I find it interesting that Porphyra species showed such a good effect; nori, the Porphyra species eaten most commonly by Americans, is actually pretty low on the iodine scale. Do you think gim is pretty similar to nori? Just because it’s the same genus doesn’t mean it has the same effects.

    Also, you may be interested in the work of Ryan Drum, PhD, who’s a wildcrafter and herbalist in the San Juan Islands and a big expert on the medicinal uses of sea vegetables. His website is http://ryandrum.com/.

  2. JP Says:

    Thank you, Orna!

    My understanding is that nori is of one of several varieties of gim. Other seaweed such as bladderwrack have also demonstrated potential with regard to the promotion of breast health and estrogen metabolism.

    Even though nori isn’t as high in iodine as some other seaweeds, it still contributes a significant amount of the trace mineral to the average diet. Eating a serving a day could very well meet or surpass the iodine needs of most people.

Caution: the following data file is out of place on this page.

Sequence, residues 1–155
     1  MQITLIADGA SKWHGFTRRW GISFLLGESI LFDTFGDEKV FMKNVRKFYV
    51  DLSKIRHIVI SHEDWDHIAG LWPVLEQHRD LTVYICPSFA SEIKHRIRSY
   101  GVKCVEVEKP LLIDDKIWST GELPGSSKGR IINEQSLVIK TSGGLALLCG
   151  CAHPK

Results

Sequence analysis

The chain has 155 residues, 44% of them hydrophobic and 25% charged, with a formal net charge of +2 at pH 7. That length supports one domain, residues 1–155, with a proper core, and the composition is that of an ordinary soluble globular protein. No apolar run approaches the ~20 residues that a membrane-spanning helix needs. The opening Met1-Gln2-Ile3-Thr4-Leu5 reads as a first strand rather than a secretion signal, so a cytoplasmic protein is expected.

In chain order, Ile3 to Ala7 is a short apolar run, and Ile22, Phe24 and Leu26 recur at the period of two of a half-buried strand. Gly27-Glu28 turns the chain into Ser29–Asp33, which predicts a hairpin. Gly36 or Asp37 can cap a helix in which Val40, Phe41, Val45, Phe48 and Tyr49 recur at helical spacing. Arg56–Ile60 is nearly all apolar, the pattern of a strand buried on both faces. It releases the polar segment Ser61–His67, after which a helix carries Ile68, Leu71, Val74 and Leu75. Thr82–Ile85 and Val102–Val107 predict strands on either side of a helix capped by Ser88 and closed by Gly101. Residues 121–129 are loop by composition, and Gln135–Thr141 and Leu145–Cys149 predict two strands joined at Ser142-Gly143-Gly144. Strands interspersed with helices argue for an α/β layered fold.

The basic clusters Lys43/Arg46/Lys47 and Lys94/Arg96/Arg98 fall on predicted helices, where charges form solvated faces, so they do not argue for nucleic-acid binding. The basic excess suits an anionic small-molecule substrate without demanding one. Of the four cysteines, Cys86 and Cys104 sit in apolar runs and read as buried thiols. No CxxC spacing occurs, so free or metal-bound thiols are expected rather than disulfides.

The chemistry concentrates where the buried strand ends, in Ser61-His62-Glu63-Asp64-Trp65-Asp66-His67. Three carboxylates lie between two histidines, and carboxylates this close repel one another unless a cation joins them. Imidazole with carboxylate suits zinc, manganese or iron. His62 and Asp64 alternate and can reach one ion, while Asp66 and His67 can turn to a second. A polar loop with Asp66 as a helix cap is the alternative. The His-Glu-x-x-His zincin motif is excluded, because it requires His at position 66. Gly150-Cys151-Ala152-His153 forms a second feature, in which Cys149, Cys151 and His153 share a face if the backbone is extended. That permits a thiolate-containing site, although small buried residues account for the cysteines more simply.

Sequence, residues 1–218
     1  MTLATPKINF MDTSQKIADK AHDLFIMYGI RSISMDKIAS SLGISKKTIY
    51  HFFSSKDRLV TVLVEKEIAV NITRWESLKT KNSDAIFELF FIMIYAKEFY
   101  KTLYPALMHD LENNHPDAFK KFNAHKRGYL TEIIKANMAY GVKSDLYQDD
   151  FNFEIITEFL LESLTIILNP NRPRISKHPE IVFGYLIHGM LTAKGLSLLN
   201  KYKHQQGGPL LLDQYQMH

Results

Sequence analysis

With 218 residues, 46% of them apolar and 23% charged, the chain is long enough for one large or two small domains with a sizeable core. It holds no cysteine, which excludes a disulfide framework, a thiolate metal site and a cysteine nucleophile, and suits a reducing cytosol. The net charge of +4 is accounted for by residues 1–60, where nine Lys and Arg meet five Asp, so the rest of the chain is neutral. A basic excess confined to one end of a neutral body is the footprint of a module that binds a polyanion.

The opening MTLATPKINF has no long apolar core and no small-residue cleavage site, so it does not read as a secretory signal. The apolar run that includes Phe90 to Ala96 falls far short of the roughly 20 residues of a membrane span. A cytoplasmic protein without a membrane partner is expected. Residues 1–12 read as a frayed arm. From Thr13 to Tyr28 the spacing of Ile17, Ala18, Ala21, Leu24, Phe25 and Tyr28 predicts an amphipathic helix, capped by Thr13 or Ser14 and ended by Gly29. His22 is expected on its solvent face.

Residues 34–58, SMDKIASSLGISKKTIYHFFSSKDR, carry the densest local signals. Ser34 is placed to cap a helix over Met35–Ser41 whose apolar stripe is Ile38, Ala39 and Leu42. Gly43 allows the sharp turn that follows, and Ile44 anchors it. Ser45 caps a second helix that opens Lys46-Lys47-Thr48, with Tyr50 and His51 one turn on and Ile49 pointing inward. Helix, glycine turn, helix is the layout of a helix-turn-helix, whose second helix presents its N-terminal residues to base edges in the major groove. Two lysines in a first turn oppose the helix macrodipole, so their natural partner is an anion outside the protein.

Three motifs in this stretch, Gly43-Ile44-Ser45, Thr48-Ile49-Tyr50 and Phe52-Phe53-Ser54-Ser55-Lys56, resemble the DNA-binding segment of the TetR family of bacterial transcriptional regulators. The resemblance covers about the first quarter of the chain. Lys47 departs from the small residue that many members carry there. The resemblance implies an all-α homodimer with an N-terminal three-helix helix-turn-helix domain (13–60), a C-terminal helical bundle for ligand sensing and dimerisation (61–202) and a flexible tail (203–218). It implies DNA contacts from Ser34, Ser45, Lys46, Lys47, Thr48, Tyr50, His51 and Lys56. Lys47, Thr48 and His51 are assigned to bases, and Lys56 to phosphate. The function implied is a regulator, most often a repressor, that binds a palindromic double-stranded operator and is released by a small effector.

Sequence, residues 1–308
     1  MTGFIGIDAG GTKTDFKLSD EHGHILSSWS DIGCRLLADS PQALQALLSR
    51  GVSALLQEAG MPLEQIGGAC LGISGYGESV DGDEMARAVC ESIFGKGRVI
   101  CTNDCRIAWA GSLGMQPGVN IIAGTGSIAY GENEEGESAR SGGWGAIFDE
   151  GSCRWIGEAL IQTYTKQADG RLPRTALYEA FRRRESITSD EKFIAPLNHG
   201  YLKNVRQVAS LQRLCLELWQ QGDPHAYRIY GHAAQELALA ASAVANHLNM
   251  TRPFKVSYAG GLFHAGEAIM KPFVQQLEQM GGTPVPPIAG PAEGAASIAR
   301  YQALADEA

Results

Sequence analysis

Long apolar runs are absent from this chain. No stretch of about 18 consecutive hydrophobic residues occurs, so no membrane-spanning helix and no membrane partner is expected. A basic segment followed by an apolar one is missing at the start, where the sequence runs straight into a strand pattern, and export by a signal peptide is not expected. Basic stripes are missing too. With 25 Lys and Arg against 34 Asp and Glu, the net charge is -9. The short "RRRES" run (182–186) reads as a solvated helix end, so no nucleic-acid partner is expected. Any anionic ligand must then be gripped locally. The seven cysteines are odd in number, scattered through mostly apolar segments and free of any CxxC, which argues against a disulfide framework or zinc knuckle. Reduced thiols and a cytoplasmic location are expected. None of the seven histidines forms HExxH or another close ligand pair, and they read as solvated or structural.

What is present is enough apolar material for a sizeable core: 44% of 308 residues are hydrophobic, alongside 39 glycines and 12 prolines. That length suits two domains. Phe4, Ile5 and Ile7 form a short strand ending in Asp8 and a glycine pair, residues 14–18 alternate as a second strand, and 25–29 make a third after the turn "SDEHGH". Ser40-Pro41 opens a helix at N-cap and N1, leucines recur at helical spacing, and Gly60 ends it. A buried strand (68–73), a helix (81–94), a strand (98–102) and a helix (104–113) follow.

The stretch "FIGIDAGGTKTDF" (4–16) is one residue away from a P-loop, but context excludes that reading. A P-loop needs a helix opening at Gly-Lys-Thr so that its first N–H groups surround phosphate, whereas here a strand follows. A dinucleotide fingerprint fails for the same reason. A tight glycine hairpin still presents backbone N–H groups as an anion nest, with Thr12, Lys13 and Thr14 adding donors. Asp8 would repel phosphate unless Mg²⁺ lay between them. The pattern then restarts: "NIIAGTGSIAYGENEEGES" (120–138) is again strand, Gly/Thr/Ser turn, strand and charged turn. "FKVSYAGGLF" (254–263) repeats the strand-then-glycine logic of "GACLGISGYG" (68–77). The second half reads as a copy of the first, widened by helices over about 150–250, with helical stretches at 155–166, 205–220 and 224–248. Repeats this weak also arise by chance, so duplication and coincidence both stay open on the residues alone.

Thank you for sharing about Ryan’s site. I’ll most certainly check it out!

    Be well!


  3. JP Says:

    Updated 07/25/15:


    J Nutr. 2015 Jul 22.

    Iodine Supplementation Decreases Hypercholesterolemia in Iodine-Deficient, Overweight Women: A Randomized Controlled Trial.

    BACKGROUND: In iodine deficiency, thyrotropin (TSH) may increase to stimulate thyroidal iodine uptake. In iodine-sufficient populations, higher TSH predicts higher total cholesterol. Whether higher TSH caused by iodine deficiency affects serum lipids is uncertain.

    OBJECTIVE: Our aim was to determine if iodine repletion decreases serum TSH and improves the lipid profile.

    METHODS: In this randomized controlled intervention, iodine-deficient, overweight or obese Moroccan women (n = 163) received 200 μg oral iodine or a placebo daily for 6 mo. Main outcomes were serum TSH and plasma total and LDL cholesterol. Secondary outcomes included thyroid hormones and measures of lipid and glucose metabolism and urinary iodine concentration (UIC). Data were compared by using mixed-model analysis.